Religion & Society
Imperial Expansion and Indigenous Society in Southwest China
An in-depth examination of how the Chinese imperial state impacted the social order of southwestern China’s minority peoples and redefined their histories and culture.
Diverging Paths of Globalization and Autonomy
The Mediterranean, a region of uneven globalization, offers clues to understanding the future of democracy in North Africa and the Near East.
While acknowledging differences between Canada and the United States in their political responses to religion and sexual diversity, this volume moves beyond stereotypes to pose larger questions and reveal surprising changes at the intersection of faith-based and LGBT rights claims.
A Study of Chinese Philosophy, Art and Poetry
Accessible and scholarly, this classic book considers the underlying philosophy and the aesthetics of Chinese art and poetry, the expression of the Taoist approach to existence. Chung-yuan Chang's always lucid narrative explores the relationship between the Tao and the creative arts, introducing classic paintings and poems to bring Taoism to life.
This book examines ways in which indigenous women participated in one of the most prominent institutions in colonial times--the Catholic Church--and what they made of their experience with convent life. It will appeal to scholars of literary criticism, women's studies, and colonial history, and to anyone interested in the ways that class, race, and gender intersected in the colonial world.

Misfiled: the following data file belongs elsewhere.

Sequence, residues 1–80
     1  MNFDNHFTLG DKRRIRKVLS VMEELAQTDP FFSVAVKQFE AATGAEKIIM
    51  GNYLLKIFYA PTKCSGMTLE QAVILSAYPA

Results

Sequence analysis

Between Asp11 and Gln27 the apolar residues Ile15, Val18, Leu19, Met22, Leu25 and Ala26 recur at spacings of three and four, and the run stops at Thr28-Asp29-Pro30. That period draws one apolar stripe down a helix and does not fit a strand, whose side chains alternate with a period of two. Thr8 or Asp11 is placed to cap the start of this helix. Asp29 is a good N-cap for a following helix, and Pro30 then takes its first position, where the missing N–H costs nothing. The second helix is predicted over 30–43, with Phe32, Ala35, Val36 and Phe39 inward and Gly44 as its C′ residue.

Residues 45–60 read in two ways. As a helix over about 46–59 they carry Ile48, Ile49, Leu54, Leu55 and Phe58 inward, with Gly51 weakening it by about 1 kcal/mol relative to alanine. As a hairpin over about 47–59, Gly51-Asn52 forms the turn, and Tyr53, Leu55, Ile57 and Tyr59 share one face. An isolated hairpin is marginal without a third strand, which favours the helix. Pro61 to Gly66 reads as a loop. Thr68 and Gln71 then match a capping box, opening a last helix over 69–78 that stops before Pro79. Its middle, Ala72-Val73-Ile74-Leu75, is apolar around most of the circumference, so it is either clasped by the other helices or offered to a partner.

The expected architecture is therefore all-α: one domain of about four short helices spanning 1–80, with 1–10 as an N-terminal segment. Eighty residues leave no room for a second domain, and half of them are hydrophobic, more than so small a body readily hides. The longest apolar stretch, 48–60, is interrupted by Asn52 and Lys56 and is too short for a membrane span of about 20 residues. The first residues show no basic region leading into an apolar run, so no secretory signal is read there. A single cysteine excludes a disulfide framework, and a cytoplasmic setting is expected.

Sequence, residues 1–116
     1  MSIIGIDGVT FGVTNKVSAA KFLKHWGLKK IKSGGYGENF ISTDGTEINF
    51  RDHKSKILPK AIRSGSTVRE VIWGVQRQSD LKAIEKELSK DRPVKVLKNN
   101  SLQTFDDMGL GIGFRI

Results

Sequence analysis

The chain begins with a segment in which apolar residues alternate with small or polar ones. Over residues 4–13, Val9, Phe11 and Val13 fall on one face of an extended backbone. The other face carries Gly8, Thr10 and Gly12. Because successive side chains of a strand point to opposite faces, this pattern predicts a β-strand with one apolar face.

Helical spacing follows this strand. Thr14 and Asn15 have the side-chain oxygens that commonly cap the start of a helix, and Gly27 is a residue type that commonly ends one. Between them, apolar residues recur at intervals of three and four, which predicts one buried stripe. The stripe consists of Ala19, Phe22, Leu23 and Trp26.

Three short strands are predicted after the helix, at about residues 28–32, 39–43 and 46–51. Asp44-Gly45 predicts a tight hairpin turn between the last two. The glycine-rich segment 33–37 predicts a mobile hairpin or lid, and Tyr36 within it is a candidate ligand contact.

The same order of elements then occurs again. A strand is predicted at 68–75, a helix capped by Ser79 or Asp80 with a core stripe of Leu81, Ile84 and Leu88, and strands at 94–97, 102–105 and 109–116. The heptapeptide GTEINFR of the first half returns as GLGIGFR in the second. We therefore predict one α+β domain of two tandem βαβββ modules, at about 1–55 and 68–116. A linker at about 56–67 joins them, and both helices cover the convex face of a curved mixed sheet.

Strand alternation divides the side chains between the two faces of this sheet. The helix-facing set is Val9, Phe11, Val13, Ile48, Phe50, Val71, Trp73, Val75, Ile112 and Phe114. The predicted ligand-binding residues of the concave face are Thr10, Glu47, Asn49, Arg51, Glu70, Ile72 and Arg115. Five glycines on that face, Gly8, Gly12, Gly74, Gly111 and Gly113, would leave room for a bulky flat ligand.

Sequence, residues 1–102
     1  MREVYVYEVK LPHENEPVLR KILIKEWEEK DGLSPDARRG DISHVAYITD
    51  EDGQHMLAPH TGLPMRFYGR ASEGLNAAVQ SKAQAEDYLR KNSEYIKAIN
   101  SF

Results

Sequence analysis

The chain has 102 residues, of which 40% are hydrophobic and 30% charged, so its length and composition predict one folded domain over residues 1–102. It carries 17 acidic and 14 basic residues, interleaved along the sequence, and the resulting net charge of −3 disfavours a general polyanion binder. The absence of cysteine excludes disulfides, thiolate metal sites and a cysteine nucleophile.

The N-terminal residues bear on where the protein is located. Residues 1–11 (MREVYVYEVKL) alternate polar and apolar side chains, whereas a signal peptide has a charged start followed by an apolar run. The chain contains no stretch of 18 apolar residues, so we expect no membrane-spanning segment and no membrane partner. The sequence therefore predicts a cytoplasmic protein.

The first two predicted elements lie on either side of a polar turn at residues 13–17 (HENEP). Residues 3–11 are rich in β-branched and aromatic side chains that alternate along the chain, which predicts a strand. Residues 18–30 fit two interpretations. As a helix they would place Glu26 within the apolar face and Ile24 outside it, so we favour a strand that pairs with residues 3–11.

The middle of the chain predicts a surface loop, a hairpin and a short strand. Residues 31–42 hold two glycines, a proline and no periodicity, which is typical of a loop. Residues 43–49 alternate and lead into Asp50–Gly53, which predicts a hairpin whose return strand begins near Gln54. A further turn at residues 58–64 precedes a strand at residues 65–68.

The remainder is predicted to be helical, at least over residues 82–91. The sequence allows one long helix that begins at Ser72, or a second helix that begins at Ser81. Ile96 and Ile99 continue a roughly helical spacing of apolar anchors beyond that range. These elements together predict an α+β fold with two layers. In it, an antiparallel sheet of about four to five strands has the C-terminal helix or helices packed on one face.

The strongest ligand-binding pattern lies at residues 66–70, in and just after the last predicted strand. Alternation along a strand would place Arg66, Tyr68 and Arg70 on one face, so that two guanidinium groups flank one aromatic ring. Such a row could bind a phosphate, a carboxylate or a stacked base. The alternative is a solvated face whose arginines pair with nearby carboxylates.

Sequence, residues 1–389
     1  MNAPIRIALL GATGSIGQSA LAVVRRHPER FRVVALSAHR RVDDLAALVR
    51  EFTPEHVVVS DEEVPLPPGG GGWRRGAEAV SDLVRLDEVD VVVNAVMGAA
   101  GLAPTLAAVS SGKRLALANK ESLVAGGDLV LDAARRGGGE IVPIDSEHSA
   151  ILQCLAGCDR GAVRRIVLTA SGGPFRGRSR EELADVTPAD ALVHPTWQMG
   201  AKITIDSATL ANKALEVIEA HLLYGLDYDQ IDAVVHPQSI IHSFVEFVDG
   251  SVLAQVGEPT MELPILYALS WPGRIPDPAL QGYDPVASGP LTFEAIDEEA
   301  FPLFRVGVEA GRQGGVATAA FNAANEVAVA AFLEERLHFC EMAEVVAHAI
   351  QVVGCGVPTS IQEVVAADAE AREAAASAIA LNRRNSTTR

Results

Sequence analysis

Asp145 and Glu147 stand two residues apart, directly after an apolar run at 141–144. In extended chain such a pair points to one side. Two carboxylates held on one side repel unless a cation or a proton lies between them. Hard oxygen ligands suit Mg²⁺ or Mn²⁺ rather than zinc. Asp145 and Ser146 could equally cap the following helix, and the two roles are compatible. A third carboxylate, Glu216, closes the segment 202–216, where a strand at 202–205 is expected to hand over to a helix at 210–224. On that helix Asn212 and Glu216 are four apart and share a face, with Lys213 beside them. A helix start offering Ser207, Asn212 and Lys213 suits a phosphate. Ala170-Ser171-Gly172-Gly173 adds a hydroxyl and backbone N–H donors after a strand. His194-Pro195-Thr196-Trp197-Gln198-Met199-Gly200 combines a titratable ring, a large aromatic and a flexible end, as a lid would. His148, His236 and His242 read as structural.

Indigenous Miracles is about how the Nahua elite of central Mexico secured political legitimacy through the administration of public rituals centered on miraculous images of Christ the King. Osowski argues that these images were adopted as community symbols and furthermore allowed Nahua leaders to "represent their own kingship," protecting their claims to legitimacy.
This path-breaking book offers the first comprehensive, comparative examination of Asian religions in British Columbia. Its insightful and accessible community accounts offer intimate portraits of local religious groups, including Hindus and Sikhs from South Asia; Buddhist organizations from Southeast Asia; and Tibetan, Japanese, and Chinese religions from East and Central Asia.
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